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Europe’s AI Act Risks Being Derailed by Last-minute Copyright Debate

You have to feel sorry for those pioneers who want to make the next breakthrough in artificial intelligence (AI) happen in Europe. Because lately it seems like not a day goes by without new ideas emerging here in Brussels that would make the lives of European AI developers more complicated, often without proper justification. 

This time, some publishers are calling on EU lawmakers to add new copyright requirements to the bloc’s first-ever AI Act.  Such last-minute additions could derail the progress made on the file in recent months and make it impossible to reach an agreement before the end of this year.

In fact, this new discussion revolves around data, which is crucial to train AI models. Data is used to learn and improve their performance, but also to adapt to new environments and make accurate predictions. Training AI systems using diverse and representative data also helps to reduce potential biases for instance. Now if you are wondering what copyright has to do with ‘raw’ training data, the answer lies in the EU’s copyright framework.

After four years of tense and complex negotiations, the EU Copyright Directive was officially adopted in 2019 and should have been implemented by all Member States in 2021 (some have been slow to transpose the Directive into national law and others have yet to do so). 

Nevertheless, as recently clarified by Thierry Breton, European Commissioner for the Internal Market, the 2019 directive also applies to AI developers, so “the creation of art works by AI does not deserve specific legislative intervention”. 

Under European copyright rules, protected works used to train AI systems require the developer to first seek the rightsholder’s consent, unless certain exceptions apply. One important exception covers so-called text and data mining (TDM), which essentially allows developers to copy large quantities of data or text and automatically analyse it to identify patterns and relations, provided that this information is publicly available on the internet and that the respective rightsholders did not object to such use. 

As Commissioner Breton confirmed, this exception strikes a “balance between the protection of rights holders, including artists, and the facilitation of TDM, including by AI developers”. The TDM exception grants rightsholders a broad range of possibilities to control, licence, or even entirely prohibit their works from being used for TDM. It “leave[s] for-profit miners in the EU at the mercy of the content creators,” as Professor Hugenholtz underlines. The exception does not apply to any ‘paywalled’ content or where rightsholders object to the use.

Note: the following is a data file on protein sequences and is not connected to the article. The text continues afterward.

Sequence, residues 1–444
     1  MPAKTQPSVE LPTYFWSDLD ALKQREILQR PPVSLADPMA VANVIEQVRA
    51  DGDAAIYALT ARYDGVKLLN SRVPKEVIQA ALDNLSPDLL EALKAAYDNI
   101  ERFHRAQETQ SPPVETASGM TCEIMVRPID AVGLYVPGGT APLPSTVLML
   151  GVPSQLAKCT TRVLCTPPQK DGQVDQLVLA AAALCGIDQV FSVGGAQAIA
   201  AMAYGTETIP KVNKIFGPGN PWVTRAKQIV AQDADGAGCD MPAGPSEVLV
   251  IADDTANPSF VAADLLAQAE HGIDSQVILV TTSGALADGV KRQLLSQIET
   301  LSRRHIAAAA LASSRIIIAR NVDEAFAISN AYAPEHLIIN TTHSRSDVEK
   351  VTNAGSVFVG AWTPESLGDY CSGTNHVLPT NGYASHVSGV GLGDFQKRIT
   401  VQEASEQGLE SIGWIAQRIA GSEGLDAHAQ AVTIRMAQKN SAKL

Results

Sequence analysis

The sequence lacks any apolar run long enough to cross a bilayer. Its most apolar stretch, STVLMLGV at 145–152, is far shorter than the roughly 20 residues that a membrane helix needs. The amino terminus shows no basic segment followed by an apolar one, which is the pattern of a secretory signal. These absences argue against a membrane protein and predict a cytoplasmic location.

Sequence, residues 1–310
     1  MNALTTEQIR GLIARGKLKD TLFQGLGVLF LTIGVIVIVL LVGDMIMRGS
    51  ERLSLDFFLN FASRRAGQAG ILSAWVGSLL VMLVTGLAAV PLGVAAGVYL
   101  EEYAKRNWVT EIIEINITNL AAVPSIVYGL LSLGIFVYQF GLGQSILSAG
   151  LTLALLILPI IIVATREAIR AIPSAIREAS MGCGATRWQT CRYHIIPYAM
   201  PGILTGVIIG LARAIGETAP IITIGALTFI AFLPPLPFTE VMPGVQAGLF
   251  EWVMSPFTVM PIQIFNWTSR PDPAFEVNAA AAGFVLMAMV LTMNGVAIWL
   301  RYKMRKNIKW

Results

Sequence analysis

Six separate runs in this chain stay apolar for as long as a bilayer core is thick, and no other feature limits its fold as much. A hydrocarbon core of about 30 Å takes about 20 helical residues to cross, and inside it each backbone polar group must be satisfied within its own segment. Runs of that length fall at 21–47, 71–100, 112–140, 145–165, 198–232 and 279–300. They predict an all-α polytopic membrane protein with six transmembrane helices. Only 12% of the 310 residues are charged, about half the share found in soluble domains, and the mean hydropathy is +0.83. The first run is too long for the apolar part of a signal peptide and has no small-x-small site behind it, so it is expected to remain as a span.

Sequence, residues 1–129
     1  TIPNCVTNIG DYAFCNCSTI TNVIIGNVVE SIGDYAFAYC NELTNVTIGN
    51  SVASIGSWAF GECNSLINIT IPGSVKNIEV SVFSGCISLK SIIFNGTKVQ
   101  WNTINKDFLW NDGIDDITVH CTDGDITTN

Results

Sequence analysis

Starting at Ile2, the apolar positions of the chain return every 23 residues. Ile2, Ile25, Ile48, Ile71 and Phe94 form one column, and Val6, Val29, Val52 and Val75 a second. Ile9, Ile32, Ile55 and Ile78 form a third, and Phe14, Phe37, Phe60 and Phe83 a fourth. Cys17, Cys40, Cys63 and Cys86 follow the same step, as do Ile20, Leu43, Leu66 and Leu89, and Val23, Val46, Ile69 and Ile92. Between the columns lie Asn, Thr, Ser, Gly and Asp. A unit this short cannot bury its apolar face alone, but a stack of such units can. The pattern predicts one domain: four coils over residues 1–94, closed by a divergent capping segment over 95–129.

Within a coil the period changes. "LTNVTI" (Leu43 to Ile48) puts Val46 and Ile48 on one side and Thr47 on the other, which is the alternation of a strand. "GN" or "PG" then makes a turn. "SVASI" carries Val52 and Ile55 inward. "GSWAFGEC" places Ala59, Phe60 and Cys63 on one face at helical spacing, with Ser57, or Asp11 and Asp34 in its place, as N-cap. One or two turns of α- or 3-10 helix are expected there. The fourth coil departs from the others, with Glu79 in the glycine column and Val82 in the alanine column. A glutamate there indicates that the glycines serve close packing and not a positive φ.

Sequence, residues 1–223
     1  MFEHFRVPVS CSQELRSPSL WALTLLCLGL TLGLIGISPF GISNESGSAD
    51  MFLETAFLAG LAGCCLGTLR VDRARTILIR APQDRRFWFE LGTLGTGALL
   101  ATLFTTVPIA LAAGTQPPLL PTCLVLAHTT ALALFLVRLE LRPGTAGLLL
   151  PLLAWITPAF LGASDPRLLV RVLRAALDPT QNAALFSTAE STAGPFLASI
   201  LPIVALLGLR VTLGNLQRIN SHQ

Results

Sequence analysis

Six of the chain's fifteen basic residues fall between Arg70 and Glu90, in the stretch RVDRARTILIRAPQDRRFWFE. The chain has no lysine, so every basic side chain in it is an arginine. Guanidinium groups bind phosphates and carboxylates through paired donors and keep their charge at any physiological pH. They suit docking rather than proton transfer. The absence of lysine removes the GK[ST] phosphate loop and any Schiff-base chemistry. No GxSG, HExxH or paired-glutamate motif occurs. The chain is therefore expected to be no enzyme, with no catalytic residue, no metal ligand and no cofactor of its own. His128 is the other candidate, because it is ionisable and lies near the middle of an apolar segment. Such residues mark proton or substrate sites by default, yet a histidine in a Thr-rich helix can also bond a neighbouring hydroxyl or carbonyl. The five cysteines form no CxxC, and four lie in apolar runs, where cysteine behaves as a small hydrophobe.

Yet, this narrow exception can be criticised from several points of view. Not only does it put European AI developers at a competitive disadvantage in comparison to other regions that do not require prior authorisation, such as the United States, it also raises the cost of AI development in the EU and grants copyright protection to raw facts and data. The way Europe deals with raw input data today, makes clear that rightsholders already benefit from broad protection and powers under EU law.

Some rightsholders and parts of the creative industry now seem to fear that ChatGPT-like AI systems might impact their business models, and are suddenly pushing for additional copyright rules to be introduced in the AI Act. 

This is interesting because the creative industry actually is expected to be among the main beneficiaries of AI. Rightsholders will be able to make efficient use of their right to prohibit TDM and to monetise content used to train AI systems via licensing agreements, but they will also benefit from the AI systems themselves. Designers, artists, filmmakers, and musicians – all will benefit from AI innovation. Judging by what is happening right now, it looks like some publishers and rightsholders want to have their cake and eat it too. 

And while there are concerns that the EU’s existing copyright framework might be underenforced to some extent, recent decisions by EU regulators clearly demonstrate that enforcers are well equipped to deal with AI and to apply existing rules in this domain. The European Data Protection Board (EDPB), for example, was quick to announce the launch of a dedicated task force to coordinate possible enforcement actions following the Italian Data Protection Agency’s decision to temporarily ban ChatGPT late last month. 

This just goes to show that instead of introducing new copyright rules and adding more complexity to the AI Act, the EU should focus on enforcing its existing rules, which perfectly fit the age of artificial intelligence.

The European Union has the opportunity to adopt the world’s first legal framework dedicated to AI by the end of this year. Lawmakers should focus on creating an AI Act that introduces clear, risk-based rules for AI developers and deployers, and fosters European innovation. 

If lawmakers suddenly decide to introduce new copyright requirements, they risk derailing the entire process for no good reason. Let’s keep the focus on progress, not more complexity.

European Union

DisCo is dedicated to examining technology and policy at a global scale.  Developments in the European Union play a considerable role in shaping both European and global technology markets.  EU regulations related to copyright, competition, privacy, innovation, and trade all affect the international development of technology and tech markets.